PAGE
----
● Ever since TUI’s 2018 acquisition of Musement and the latter’s inventory of what we used to call attractions & tours, the competition among suppliers to provide easier-to-access and more highly targeted products has never slowed. Just recently, tours and activities e-commerce platform Klook has announced an expanded integration with travel search engine KAYAK. The two players say it gives users one of the largest inventories of things-to-do across the Asia-Pacific region. Users will get access to a wider range of attractions and experiences with over 490,000 activities in over 1,000 destinations on KAYAK’s Things-to-Do vertical. “We’re excited to be expanding our integration with Klook which will enable KAYAK users to have greater access to an extended variety of attractions and experiences,” said Elia San Martin, vice president and general manager APAC, KAYAK. Since the integration of car rentals last year, KAYAK users have access to Klook’s car rental coverage that spans over 9,000 destinations. For a more complete article on the subject, click here.
● Booking horizons show signs of stabilizing. This is one of the major findings of “Travel’s Resilience and Trends Shaping Recovery”—recently released study from Skyscanner—tells us. As confidence accelerates, explains the study, people are becoming more comfortable booking travel further ahead. Although conditions aren’t the same as before COVID, we’re seeing booking horizons move closer to 2019 levels. The Americas and Asia-Pacific follow a similar trend, which Skyscanner explores in the report. In sum, “Overall, while shorter booking horizons remain popular, travel demand is strong and summer is likely to be a positive one for airlines.” For more, and to access the complete report, click here.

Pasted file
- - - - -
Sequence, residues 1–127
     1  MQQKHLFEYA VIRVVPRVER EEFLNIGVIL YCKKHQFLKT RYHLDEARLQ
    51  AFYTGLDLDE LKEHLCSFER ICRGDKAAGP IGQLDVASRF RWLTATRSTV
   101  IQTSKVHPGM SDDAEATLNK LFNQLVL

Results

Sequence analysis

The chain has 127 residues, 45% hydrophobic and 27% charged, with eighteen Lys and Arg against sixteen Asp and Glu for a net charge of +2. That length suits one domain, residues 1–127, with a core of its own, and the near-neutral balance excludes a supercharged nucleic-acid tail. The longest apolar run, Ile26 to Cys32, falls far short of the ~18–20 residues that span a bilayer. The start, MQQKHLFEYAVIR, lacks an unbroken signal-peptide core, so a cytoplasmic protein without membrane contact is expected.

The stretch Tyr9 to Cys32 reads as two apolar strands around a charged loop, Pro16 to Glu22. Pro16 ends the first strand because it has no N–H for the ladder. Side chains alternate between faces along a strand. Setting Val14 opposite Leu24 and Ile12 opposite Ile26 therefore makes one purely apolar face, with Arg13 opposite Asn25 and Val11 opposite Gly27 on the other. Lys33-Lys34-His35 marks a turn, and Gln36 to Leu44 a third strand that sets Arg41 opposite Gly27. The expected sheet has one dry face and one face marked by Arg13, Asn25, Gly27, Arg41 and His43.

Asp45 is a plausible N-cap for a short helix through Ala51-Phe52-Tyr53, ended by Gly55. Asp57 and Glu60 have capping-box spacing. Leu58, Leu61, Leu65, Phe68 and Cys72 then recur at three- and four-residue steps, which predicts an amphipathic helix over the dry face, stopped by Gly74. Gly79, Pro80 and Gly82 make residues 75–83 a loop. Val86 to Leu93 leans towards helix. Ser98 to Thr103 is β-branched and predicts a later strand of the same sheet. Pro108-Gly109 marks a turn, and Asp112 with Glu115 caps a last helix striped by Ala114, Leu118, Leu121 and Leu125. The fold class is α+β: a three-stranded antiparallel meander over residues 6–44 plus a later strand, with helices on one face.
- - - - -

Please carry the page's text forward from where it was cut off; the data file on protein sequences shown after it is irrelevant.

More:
● In a different take than one normally hears when its business news about Orlando, the theme park capital of the world, a recent AP item pointed that “quasi-public agencies that usually promote tourism and economic development separately in Orlando on (have) announced they are joining forces to market the region together under a single brand. With a tagline of ‘Unbelievably Real,’ the branding plan will be aimed at tourists, meeting planners, conventioneers, business relocation specialists, site selectors, business owners and company CEOs.” Some $23 million will be spent on the initiative this year. Read here for the complete article.
● Least-expensive and most-expensive airports to fly from. For its report on the subject, FinanceBuzz compared domestic airfares from the 45 busiest airports in the U.S. using data published by the U.S. Department of Transportation.
And the airport with the most affordable airfare in the country? That honor goes to Fort Lauderdale Hollywood International Airport (FLL) in Fort Lauderdale, Florida, where the average fare to depart was $233.36. The second cheapest airport to fly from is also in Florida — Orlando International Airport (MCO) had an average fare of around $241.01.
Lowest average airfare—Top Five:
Fort Lauderdale Hollywood International Airport (FLL)
Orlando International Airport (MCO)
Harry Reid International Airport (LAS)
Miami International Airport (MIA)
Tampa International Airport TPA)
Highest average airfare—or Bottom Five:
41. John F. Kennedy International Airport (JFK)
42. Portland International Airport (PDX)
43. Detroit Metro Airport (DTW)
44. San Francisco International Airport (SFO)
45. Dulles International Airport (IAD)
For the complete article, as well as the list of affordable/less affordable airports in the nation, visit here: https://financebuzz.com/us-airport-cost-rankings